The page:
Switching jobs? Here are Top 4 options to consider for your 401(k) plan

Okay so you are leaving your employer?  But wondering what to do with your existing 401(k) plan, then here are Top 4 options to choose from.

Option 1: Rolling it Over to new  401(k) account

Option 2: Rolling it Over to Individual Retirement Account

Option 3: Leave it with your former employer

Option 4: Cashing Out

If you have contributed-

  • Less than $1000 :  Former employer might cut you the check for the contributed amount (which you can deposit in a new 401(k) plan or IRA)
  • $1000 – $5000: Former employer might do an involuntary cash out i.e. They might move your money into an IRA
  • More than $5000:  You can leave the money in the former 401(k) plan

(Please note that these are IRS guidelines, your employer might take your consent for doing so but it is not mandatory to take approval from your end.) 

Before deciding what to do with an existing 401(k) plan make sure to go through the pros and cons of all the options available.

Option 1: Rolling it Over to new 401(k) account

You can move your old 401(k) balance to a new 401(k) account if your new employer allows for it, this might be a good choice if your new 401(k) has low fees and diversified investment options. Rolling over helps you to maintain the account’s tax-deferred status and will help you to avoid taxes.

You can do a direct rollover (i.e. the money will move from your old plan to your new 401k account) or you can write a check for your old 401k balance and deposit with the new employer. Please ensure that you transfer it timely to the new plan, otherwise you may face tax consequences.

There is nothing wrong with having multiple 401k accounts. However, it increases administrative work. You need to manage various tax documents, remember multiple logins, update beneficiary details, and email IDs for various 401k accounts..

If you have all retirement investments in one 401k account then you can  easily track & manage the money by avoiding any duplicate investments. It would also help your advisor to ensure whether you have a diversified portfolio or not. If your plan contains shares of the old company’s stock then consult a tax pro on what to do with those assets, as there is a chance that you could give up the tax benefits if you move them.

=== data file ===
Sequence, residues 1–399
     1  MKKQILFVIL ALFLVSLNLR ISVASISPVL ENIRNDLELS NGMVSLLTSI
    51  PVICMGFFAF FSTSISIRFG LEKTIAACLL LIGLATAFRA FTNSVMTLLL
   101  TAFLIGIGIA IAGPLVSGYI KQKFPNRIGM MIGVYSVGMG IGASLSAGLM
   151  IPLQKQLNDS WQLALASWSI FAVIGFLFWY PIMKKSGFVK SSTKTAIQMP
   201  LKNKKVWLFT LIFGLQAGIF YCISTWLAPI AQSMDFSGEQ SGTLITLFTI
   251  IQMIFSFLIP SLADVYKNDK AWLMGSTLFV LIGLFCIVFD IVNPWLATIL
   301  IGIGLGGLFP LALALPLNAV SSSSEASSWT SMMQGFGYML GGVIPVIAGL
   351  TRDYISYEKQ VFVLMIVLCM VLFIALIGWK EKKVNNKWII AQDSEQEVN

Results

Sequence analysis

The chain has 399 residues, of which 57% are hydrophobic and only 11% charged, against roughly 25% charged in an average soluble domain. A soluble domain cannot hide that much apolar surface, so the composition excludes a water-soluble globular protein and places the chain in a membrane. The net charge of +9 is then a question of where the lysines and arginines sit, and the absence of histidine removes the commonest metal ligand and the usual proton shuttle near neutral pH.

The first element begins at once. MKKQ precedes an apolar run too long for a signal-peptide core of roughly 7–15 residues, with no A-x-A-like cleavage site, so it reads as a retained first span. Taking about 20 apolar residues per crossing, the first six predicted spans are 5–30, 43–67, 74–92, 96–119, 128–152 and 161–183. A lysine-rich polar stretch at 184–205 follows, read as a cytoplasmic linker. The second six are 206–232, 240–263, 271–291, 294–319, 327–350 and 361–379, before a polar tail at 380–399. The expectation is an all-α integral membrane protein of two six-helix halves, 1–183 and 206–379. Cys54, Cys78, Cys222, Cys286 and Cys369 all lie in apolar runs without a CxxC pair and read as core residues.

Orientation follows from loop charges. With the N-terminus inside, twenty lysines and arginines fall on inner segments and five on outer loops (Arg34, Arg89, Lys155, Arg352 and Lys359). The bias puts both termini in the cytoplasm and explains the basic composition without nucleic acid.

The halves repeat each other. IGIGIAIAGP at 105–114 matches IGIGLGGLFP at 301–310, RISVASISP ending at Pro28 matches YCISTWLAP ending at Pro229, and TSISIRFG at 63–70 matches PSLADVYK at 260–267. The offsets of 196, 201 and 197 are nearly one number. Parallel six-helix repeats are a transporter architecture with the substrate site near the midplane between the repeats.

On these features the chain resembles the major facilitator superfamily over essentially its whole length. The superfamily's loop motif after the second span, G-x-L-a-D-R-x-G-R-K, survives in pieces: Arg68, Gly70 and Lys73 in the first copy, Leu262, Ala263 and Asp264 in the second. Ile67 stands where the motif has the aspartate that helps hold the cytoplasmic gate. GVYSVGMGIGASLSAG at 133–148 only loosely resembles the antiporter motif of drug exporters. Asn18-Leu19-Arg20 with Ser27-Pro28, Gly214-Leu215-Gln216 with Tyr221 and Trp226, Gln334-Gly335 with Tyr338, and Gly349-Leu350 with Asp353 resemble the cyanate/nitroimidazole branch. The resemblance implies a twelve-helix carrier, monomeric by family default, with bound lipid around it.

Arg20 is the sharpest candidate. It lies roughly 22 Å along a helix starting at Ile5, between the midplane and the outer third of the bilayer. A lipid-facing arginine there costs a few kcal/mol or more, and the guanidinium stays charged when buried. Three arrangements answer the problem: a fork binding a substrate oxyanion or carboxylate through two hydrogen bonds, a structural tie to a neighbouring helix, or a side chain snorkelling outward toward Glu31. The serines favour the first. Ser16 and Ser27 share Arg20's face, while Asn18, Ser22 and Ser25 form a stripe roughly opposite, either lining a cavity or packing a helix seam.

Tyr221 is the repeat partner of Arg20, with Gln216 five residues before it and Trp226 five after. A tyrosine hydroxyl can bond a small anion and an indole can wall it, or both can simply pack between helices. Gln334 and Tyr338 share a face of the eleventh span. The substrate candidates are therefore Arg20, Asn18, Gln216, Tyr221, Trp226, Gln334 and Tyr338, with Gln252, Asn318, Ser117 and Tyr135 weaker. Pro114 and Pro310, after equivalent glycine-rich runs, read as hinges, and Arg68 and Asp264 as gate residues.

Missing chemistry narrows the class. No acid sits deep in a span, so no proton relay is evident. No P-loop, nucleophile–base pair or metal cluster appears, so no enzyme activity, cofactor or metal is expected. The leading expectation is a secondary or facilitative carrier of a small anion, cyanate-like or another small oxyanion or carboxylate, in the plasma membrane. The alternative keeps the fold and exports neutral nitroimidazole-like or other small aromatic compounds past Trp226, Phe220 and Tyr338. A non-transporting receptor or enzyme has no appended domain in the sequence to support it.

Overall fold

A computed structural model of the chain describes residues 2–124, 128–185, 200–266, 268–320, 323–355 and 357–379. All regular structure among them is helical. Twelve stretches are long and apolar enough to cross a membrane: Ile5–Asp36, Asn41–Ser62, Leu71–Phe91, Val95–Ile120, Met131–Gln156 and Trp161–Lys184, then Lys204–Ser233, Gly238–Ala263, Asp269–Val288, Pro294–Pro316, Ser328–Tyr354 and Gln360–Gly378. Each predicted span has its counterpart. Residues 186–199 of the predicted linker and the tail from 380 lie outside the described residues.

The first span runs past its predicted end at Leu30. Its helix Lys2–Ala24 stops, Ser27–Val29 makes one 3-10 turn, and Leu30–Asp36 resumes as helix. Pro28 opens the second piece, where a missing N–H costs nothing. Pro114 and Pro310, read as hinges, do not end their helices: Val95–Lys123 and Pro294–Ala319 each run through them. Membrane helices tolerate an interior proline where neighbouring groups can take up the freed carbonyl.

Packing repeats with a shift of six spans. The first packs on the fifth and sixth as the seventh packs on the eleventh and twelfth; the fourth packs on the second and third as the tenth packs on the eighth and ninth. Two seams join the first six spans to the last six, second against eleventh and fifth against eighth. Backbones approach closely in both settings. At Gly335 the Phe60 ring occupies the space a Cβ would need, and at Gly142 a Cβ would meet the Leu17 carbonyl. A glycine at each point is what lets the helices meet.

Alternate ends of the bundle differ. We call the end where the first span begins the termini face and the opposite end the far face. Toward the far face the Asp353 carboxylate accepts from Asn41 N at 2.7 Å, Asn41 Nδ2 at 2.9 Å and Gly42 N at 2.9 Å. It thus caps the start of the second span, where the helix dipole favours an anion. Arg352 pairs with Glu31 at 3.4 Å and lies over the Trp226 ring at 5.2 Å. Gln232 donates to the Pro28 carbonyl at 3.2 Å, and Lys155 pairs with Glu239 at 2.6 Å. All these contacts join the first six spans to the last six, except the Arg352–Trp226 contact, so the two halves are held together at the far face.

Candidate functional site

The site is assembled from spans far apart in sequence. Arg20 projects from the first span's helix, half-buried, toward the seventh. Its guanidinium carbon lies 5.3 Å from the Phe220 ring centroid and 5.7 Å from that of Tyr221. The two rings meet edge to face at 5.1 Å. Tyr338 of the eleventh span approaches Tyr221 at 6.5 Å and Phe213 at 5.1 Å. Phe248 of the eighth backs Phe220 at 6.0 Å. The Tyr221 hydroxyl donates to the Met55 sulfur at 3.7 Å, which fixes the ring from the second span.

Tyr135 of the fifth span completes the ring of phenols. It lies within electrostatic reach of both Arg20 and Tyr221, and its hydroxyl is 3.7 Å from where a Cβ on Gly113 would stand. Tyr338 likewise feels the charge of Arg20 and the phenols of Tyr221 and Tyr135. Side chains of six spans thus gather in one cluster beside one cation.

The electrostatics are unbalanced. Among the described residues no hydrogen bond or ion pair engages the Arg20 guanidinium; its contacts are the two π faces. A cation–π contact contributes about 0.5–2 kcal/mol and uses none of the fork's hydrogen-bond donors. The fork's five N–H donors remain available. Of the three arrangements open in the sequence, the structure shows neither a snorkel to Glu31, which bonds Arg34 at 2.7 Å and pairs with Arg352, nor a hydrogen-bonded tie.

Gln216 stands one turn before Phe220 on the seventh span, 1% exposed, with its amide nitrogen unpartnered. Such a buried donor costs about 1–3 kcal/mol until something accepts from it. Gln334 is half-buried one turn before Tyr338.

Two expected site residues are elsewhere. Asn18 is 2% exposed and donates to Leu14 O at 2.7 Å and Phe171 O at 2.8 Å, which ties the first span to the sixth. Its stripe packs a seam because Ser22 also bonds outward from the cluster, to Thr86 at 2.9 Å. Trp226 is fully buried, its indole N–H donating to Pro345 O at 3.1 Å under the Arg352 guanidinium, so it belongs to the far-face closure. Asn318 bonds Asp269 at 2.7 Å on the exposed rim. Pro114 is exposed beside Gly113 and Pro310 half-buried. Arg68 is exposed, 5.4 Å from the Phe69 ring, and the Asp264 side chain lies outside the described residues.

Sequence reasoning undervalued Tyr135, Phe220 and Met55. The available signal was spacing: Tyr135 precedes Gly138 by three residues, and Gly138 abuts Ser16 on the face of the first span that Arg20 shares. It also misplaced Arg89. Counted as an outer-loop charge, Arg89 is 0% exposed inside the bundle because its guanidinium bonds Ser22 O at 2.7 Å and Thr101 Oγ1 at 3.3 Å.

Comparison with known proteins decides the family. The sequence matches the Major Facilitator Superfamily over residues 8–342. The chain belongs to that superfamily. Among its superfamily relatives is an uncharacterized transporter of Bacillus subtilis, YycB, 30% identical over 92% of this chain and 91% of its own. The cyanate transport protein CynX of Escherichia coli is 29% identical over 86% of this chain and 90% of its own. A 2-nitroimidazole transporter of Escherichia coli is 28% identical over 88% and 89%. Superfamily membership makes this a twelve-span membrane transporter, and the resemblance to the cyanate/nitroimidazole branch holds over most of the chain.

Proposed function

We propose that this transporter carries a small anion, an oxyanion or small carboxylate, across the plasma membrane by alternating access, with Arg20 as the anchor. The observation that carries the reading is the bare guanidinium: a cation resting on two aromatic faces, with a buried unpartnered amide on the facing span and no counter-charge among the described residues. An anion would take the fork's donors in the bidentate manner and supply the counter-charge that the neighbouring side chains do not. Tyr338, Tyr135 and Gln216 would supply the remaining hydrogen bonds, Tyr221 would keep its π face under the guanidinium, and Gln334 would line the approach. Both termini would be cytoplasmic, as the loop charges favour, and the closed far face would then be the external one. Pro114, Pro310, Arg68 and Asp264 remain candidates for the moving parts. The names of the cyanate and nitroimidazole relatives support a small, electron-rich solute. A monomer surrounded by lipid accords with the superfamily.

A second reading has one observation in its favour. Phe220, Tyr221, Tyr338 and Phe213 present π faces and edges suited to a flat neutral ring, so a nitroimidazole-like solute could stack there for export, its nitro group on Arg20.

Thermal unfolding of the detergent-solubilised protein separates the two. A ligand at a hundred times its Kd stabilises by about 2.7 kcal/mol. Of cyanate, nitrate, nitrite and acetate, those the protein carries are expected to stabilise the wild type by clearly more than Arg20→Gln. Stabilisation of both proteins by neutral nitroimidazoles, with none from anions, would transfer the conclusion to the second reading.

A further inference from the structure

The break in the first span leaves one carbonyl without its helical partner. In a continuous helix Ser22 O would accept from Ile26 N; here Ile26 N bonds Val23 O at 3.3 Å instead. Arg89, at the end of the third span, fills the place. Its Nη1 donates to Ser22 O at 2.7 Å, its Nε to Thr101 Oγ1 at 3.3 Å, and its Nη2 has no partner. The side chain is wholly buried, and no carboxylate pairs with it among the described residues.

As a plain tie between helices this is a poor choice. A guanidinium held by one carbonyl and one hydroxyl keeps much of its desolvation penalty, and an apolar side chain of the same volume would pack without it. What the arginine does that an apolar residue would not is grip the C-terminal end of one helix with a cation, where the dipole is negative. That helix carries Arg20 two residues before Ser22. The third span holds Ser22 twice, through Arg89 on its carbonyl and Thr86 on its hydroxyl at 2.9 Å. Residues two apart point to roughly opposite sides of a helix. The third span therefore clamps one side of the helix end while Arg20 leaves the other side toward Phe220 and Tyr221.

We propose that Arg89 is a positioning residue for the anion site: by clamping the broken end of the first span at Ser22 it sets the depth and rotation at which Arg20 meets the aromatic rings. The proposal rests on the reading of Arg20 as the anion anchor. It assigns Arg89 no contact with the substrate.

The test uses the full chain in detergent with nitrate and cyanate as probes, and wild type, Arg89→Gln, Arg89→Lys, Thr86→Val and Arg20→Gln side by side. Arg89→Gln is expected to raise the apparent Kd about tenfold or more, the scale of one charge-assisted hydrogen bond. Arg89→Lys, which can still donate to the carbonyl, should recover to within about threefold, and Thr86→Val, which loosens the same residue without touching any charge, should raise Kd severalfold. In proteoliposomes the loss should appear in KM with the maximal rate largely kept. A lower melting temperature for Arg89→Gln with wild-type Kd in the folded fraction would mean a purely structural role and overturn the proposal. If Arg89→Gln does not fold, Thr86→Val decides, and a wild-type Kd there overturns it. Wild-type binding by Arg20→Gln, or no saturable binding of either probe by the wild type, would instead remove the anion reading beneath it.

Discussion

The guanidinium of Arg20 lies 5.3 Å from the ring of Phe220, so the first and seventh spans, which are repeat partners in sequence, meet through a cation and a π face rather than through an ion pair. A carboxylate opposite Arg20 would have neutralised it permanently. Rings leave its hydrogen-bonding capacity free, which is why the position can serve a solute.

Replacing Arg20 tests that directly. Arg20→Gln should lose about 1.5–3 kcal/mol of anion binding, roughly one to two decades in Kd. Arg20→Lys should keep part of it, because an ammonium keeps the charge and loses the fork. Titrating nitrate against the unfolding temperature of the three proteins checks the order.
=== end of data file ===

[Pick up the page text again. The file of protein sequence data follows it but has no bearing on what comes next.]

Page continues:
Option 2: Rolling it Over to Individual Retirement Account (IRA)

If you have switched your job and your new employer does not  offer a 401(k) plan, 403 (b),  457 or other retirement plans then you can rollover your old 401(k) savings into a new or existing IRA. You will have various investment options to choose from. IRA will offer you more flexibility and you can invest as you wish but make sure you have enough time and energy to do so otherwise you can pay a financial advisor to manage your IRA. When you are rolling over, make it “direct rollover” as you would do while moving money from an old to a new 401(k) plan.

To know more about IRA check Choosing the best IRA for yourself

Option 3: Leave it with your former employer

If your account’s worth is at least $5000 then your former employer might allow you to keep 401(k) in the old plan for an indefinite time but you won’t be able to make any contributions to it. This makes sense only if you are satisfied with the management of plan & investment choices offered by your previous employer, but if you are someone who switches jobs frequently then you will have a chain of 401(k)  plans, and there is a chance that you may forget about a few of them.

If your former plan provides perks like free research reports, top-notch & low cost investment options then consider going with this option.

Option 4: Cashing Out

Cashing out might be tempting but it is a bad idea unless you are facing extreme financial problems like bankruptcy or losing your property and you need urgent cash. Cashing out can affect your financial security because, on one hand, you have to pay taxes/penalties, on the other hand, lose investment growth potential. The penalty and taxes cause you to lose around 40% ( approx 24% as Federal tax, 4-6% as State Tax,10% as Penalty) of your contributions.

Do remember your retirement savings are diminishing away. So cashing out should be your last option.

You should always compare the 401(k) plans of your former and new employer. If an employer is providing a variety of Investment options by charging  lower fees then go for it. Plootus can help you look up your employer’s plan & you can get absolutely FREE advice to pick the right investment.

Until next time!

Sheikh Nazrana, Sunil Gangwani


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